Speech by Anthony Albanese MP to the Australian Wind Energy Association’s 2005 Annual Conference
18 August 2005
Climate change is the most serious environmental challenge confronting our global community. The challenge is a social and economic one as much as it is environmental.
The question is how we move forward and avoid dangerous climate change. The answer, or at least part of the answer, is through clean energy solutions such as wind power.
In 1963, Bob Dylan sung the answer is blowin’ in the wind. Well, he wasn’t too far off the mark.
The climate skeptics are increasingly being isolated as the flat earthers of the 21st century. But just last week however they made a comeback. In a submission to the Federal Court, the Environment Minister challenged the fact that Greenhouse Gas emissions contribute to global warming. This caused the Environmental Defenders Office solicitor, Kirsty Ruddock to declare “we thought that with some of these issues there was no scientific debate these days”.
Was the sworn Court statement by the Minister for the Environment consistent with the Howard Government’s rhetoric when announcing the Asia-Pacific Partnership on Clean Development and Climate? No, it wasn’t. Was the Minister’s sworn statement consistent with the findings of the report titled Climate Change, Risk and Vulnerability Report provided to the Government by Allen Consulting? No, it wasn’t. Was the Minister’s sworn statement consistent with the assessments of the Australian Greenhouse Office or the CSIRO? No, of course not.
After nine long years, the Minister’s statement to the Federal Court shows once again the Howard Government’s cynical approach to a critical environmental and economic issue. The Howard Government sees no contradiction in proclaiming that Australia will meet the Kyoto target – while also claiming that ratification would destroy economic growth.
The Howard Government signs the vision statement of the Asia Pacific Partnership, which concludes it “will complement, but not replace, the Kyoto Protocol” – but then Senior Ministers proceed to trash Kyoto. The Government is playing games and deliberately sending conflicting messages to different audiences. The Government is two-faced on climate change.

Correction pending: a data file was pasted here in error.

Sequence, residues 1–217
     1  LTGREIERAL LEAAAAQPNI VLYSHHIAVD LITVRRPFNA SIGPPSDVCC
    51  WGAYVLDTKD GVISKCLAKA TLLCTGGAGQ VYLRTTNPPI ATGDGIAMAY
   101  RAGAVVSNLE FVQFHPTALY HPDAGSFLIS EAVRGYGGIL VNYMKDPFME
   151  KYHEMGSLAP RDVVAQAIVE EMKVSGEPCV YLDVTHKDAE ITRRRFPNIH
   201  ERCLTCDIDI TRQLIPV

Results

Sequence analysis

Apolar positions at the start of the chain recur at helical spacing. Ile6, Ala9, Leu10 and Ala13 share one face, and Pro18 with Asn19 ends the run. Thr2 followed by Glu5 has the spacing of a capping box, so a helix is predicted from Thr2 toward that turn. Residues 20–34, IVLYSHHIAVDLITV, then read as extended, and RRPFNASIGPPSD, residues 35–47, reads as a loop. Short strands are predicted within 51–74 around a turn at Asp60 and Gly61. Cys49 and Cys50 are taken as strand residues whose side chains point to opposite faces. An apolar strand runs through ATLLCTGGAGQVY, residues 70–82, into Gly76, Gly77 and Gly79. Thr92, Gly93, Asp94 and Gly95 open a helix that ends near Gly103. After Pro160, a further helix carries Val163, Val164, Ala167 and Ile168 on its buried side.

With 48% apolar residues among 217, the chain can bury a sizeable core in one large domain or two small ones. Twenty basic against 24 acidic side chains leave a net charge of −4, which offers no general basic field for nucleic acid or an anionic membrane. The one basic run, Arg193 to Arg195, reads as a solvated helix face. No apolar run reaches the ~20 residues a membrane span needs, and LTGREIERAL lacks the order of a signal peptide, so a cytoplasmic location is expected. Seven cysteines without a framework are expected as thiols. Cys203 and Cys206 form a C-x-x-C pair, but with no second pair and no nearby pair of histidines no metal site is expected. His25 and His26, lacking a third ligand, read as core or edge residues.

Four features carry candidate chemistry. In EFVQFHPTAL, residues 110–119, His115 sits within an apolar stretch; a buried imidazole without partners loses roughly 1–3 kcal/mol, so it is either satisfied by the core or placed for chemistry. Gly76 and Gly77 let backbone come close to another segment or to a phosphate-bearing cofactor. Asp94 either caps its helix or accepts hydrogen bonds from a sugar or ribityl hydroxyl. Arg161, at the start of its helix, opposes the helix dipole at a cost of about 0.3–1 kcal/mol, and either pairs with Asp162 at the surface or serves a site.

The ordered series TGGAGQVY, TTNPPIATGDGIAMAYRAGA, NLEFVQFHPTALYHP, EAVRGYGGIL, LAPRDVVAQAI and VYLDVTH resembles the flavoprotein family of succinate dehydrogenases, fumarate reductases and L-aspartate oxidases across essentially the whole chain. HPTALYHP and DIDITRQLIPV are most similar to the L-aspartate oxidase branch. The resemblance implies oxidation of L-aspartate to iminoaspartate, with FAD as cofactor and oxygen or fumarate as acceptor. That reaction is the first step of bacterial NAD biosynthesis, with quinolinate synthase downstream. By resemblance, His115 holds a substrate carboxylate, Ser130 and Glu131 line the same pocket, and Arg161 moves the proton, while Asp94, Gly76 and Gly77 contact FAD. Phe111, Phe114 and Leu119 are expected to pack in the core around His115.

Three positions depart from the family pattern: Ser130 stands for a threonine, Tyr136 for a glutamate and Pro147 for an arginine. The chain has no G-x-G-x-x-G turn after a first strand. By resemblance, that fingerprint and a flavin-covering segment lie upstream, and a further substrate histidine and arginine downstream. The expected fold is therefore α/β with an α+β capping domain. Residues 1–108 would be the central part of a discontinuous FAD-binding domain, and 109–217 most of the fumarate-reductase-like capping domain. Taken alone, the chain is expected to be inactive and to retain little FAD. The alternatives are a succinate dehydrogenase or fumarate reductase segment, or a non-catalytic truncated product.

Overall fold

Avoiding Dangerous Climate Change is too important to be hostage to the Government’s spin. It’s not just a matter of agreeing. There needs to be action. Determining when to act is often as important as determining how to act. Clearly the time to act is now.
As I hope you are aware I have a Private Members Bill, the Avoiding Dangerous Climate Change (Kyoto Ratification Bill) which has received a Second Reading before the Parliament.
Today I announce that Shadow Cabinet and the ALP Caucus have approved the Avoiding Dangerous Climate Change (Climate Change Trigger) Bill.
I have submitted the private members Bill this week and it will be debated in the Parliament on Monday 5th September. This Bill would amend the Environmental Protection, Biodiversity and Conservation Act to ensure the impact of major projects on Greenhouse Gas Emissions was considered. It is a necessary reform, and one the Government has resisted.
In moving this as a Private Members Bill, Labor is making our approach to Climate Change very clear. We support a climate change trigger in federal environment laws. We support the Kyoto Protocol. We support emissions trading. We support significantly increasing the Mandatory Renewable Energy Target. Having identified the problem, we cannot leave it to our children and grandchildren to act.
Fossil fuels are a finite resource. The expiry date of this resource however is unknown. The reality is that we are running out of time much faster than we are running out of fossil fuels. Action can not be deferred because cheaper options remain in the ground. Even George Bush has finally recognised what is happening to our planet and has acknowledged that we need to do something about it.